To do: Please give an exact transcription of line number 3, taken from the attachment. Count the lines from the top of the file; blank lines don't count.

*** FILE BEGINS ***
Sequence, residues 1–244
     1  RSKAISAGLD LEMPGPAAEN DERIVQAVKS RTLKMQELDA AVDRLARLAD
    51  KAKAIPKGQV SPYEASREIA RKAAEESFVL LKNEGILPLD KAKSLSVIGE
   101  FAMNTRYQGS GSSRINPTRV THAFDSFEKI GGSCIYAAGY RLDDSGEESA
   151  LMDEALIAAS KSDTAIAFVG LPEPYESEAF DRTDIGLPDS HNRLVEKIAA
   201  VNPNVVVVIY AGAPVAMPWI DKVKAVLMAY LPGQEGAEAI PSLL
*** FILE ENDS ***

    51  KAKAIPKGQV SPYEASREIA RKAAEESFVL LKNEGILPLD KAKSLSVIGE